Thirty-four original acrylic paintings on canvas, that is how many new works I created in 2022. We narrowed this down to four paintings that we thought were the best this year, and then asked you to narrow it down to one painting, selecting Artwork of The Year for 2022. In a year that included contemporary pop realism paintings of canoes on lakes, polar bears, elk, snowy landscapes and people enjoying many different outdoor activities, the stories I was writing on canvas emitted a joy and love for life. These paintings were filled with wonder and a lust for wandering. Some moments influenced by Canadian popular culture and some by the experiences I was having during my travels of the year. There was a nod to The Queen and Nanaimo Bars. Solidarity with Ukraine and the strength and spirit of men and women. I played with creating in place at the Banff Centre and in Maui, Hawaii. In my Victoria BC studio, I was dreaming up narrative’s about my past and future journeys.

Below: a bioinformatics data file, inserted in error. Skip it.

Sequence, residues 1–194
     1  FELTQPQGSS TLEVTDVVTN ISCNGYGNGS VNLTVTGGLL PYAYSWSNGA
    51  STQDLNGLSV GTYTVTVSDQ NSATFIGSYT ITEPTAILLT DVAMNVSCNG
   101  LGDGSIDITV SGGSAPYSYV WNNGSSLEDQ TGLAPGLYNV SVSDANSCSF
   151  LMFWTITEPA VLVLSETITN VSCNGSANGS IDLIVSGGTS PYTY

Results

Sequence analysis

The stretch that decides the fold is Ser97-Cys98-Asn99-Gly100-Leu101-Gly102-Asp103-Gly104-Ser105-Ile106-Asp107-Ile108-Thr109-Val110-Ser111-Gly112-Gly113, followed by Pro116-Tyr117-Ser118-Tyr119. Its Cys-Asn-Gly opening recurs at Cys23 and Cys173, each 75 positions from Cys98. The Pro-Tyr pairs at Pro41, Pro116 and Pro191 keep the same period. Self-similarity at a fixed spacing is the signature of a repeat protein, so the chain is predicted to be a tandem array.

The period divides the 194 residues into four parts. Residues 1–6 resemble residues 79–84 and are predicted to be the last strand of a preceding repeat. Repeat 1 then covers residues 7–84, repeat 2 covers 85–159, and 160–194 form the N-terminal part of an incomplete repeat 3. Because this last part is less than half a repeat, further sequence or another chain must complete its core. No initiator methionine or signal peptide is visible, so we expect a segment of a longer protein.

Here are four paintings we narrowed the year down to, telling visual stories on canvas. Listed in order of votes received, the number one painting of 2022 as voted by you, is Dreaming Under Northern Lights.

1. Dreaming Under Northern Lights
Artwork of the year

Crisp northern air, standing under the aurora borealis. A girl in a fur trimmed parka gazes up at the northern sky and watches the dance of light. Dreaming under the night sky and the magical dance of the Northern lights. 

2. Golden Hour in the Heart of Canoeland
Artwork of the year

Two scarlet red canoes meet at sunset, on a lake in Canada. In the distance two snow peaked mountain ranges, and a swoosh of clouds. The tree line bordering the lake sparkles with shades of emerald and lime green. Reflections on a perfect moment shared in nature. Perhaps a skinny dip? where are those canoe lovers.

3. Ukraine Strong
Canadian Artist Brandy Saturley